Fig. 4
figure 4

The assessment of the t* uncertainty by comparison of the t* values of similar ray paths. a The t* values versus their averages along common ray paths. b The histogram of t* deviations from their averages along common ray paths. The standard deviation of ~ 0.015 is assumed to be the t* uncertainty

Attenuation tomography and model resolution

After analyses of the t* values, the P-wave attenuation (1/QP) along the ray paths can be calculated using the following formulation:

$${t}^{*}_{ij}={t}^{*}_{0}+\int {Q}_{P}^{-1}\left(x,y,z\right){V}_{P}^{-1}\left(x,y,z\right)dr,$$

where t0* is a constant accounting for the local site effect (so-called station correction), VP is the 3-D P-wave velocity model, and dr is an element along the ray path.

Once the t* values of all source–receiver ray paths are determined, they are inverted for a 3-D QP image using the well-established SIMUL2000 algorithm (Thurber 1983; Eberhart-Phillips and Michael 1993; Evans et al. 1994). This code uses an iterative damped least square method and requires a 3-D seismic grid with initial QP and already determined VP values associated with the nodes. The values between the grid nodes are linearly interpolated (Thurber 1983). The solution to the forward problem (ray path calculation) is accomplished using a combination of approximate ray tracing (Thurber 1983) and a pseudo-bending scheme (Um and Thurber 1987).

The earthquake hypocenters, origin-times, and three-dimensional velocity model (VP) of this dataset are taken from Jozi Najafabadi et al. (2022) which were determined using 16,484 P and 9554 S travel-time records of 499 local earthquakes in a nonlinear velocity tomographic inversion. We initiated the inversion with a homogeneous QP model using the starting value of 550 which yields a balanced distribution of high and low QP anomalies throughout the studied volume. Since the tomographic solutions strongly depend on the choice of initial parameters (Kissling et al. 1994), we performed the inversion with a wide range of initial QP values (between 100 and 1000). The resulting 3-D models demonstrate a very similar pattern of anomalies and only the amplitude of anomalies changes.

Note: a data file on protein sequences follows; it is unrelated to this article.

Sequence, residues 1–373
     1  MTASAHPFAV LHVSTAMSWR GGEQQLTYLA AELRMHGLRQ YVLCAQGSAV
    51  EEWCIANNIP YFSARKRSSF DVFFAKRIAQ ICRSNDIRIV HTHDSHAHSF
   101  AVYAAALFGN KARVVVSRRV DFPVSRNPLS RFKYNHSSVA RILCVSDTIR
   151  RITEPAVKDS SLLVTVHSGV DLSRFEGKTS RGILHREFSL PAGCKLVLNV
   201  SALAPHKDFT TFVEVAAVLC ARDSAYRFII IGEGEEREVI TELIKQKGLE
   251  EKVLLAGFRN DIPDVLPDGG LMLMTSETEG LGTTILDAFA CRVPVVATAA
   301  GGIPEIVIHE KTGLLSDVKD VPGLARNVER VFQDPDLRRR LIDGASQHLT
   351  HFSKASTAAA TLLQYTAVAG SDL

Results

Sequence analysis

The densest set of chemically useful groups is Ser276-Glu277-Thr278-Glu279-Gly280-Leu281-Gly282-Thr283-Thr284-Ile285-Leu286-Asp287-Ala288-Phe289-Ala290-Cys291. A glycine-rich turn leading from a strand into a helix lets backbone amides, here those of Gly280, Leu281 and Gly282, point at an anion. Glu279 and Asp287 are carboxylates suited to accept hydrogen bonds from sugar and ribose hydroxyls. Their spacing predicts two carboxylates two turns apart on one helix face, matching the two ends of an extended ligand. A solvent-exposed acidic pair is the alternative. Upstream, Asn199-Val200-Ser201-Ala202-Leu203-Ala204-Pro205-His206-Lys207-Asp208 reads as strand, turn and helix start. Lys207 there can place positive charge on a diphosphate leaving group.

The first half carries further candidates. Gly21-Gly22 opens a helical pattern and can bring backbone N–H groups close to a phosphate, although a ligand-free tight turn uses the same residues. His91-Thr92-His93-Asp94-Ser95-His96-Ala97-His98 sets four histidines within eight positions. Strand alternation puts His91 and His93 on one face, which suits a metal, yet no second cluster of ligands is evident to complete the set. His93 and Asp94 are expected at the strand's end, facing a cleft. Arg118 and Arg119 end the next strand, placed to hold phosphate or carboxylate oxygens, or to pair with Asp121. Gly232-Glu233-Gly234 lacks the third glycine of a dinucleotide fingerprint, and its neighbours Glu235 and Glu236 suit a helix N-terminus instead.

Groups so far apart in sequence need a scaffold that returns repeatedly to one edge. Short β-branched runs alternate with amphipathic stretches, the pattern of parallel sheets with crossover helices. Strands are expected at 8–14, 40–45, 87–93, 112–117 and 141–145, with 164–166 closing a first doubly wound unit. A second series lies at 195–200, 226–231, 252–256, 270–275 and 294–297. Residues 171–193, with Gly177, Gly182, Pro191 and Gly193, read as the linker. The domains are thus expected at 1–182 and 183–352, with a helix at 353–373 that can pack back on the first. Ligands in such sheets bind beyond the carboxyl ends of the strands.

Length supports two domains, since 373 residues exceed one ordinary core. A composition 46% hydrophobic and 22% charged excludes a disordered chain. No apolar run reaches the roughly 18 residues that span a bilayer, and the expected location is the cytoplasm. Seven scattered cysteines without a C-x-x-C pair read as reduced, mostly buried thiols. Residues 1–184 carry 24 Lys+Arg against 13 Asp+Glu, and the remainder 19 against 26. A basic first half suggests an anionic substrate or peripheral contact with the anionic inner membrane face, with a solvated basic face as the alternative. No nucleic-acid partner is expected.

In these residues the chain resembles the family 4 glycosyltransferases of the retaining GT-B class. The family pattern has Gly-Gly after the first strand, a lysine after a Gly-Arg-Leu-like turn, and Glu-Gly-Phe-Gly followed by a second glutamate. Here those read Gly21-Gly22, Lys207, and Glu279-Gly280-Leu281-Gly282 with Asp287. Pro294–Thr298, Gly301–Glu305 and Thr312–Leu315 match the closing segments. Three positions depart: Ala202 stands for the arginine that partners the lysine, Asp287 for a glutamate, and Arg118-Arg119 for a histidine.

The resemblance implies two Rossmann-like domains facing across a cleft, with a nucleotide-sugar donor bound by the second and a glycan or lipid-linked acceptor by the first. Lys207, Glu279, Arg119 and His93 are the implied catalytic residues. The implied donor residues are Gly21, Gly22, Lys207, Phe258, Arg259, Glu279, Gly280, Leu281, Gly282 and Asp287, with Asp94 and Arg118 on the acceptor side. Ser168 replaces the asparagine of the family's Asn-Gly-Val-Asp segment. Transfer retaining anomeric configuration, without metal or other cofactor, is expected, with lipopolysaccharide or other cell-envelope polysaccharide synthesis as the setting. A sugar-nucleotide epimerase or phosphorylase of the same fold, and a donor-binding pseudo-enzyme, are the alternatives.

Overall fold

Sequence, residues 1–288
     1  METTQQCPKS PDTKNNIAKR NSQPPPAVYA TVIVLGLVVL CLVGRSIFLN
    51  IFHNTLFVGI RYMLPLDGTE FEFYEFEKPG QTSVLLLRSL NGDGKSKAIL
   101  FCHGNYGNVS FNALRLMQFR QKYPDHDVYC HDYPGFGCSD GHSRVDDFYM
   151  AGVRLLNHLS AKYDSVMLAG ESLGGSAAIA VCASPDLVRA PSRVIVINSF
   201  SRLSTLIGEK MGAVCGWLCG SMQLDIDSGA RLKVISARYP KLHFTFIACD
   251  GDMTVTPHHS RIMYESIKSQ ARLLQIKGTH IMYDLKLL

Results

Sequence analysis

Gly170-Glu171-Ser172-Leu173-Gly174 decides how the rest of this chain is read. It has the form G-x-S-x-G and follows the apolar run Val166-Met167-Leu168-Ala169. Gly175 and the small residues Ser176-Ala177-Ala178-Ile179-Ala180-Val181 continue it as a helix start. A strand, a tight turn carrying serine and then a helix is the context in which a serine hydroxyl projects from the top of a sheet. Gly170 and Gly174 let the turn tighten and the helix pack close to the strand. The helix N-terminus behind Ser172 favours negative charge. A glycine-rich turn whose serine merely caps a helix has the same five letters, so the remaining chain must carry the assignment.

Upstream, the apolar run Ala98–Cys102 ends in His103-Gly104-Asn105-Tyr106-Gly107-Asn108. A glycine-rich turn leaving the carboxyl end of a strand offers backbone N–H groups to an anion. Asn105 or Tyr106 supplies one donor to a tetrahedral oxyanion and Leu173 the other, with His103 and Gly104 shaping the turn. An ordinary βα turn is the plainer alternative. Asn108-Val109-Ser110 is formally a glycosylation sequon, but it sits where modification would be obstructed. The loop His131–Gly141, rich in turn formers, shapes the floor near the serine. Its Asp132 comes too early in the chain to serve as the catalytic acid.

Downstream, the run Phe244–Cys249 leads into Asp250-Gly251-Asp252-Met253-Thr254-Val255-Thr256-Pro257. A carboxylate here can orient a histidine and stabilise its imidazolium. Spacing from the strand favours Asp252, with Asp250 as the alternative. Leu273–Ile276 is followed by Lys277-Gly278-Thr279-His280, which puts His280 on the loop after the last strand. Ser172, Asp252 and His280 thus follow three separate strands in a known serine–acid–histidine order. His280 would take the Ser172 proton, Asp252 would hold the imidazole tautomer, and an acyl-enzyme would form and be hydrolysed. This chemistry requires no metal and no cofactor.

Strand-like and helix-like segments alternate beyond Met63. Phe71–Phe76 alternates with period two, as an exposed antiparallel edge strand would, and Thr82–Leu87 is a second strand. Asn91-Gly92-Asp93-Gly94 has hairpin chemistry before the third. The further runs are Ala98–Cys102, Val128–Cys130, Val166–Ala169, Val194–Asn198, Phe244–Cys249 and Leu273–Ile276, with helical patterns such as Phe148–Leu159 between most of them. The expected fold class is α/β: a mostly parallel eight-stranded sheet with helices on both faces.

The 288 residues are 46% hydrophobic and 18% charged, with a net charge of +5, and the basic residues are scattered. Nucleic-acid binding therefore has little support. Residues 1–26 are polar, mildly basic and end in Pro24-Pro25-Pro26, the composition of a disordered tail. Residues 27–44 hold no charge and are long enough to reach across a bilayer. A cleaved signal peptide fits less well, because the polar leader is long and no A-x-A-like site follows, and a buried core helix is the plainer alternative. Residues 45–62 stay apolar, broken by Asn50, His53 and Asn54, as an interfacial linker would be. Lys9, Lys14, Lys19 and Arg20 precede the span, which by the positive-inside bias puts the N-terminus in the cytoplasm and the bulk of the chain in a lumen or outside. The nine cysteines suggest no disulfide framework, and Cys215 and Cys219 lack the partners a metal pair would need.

Model parametrization and regularization are two other key parameters in the tomographic inversions. The parametrization should provide a compromise between the resolution and robustness. After testing various grid sizes and considering the number of available t* values, stations, and earthquakes, we considered the same (coarse) grid of the travel-time tomography (VP and VP/VS; Jozi Najafabadi et al. 2022). This 3-D model grid was centered on the midpoint of the study area (12°E and 46.5°N) with 30 km × 30 km horizontal node spacing. The vertical layers are placed at depths of − 5, 0, 5, 10, 20, 30, 45, 60, and 90 km.

In order to select a proper damping value (regularization) and stabilize the inversion process, a series of single-iteration inversions using a wide range of values were performed. The optimal value was then selected based on the so-called trade-off curve between the data variance and model variance (Eberhart-Phillips 1986) as 0.02.

Having finalized the inversion process, the quality of the tomographic models should be evaluated through analysis of the model resolution matrix (MRM; Eberhart-Phillips and Michael 1993) and synthetic tests. In this study, we first calculated the spread function (Toomey and Foulger 1989) which translates the information in each row of the MRM into a single value and describes the resolution of the individual nodes.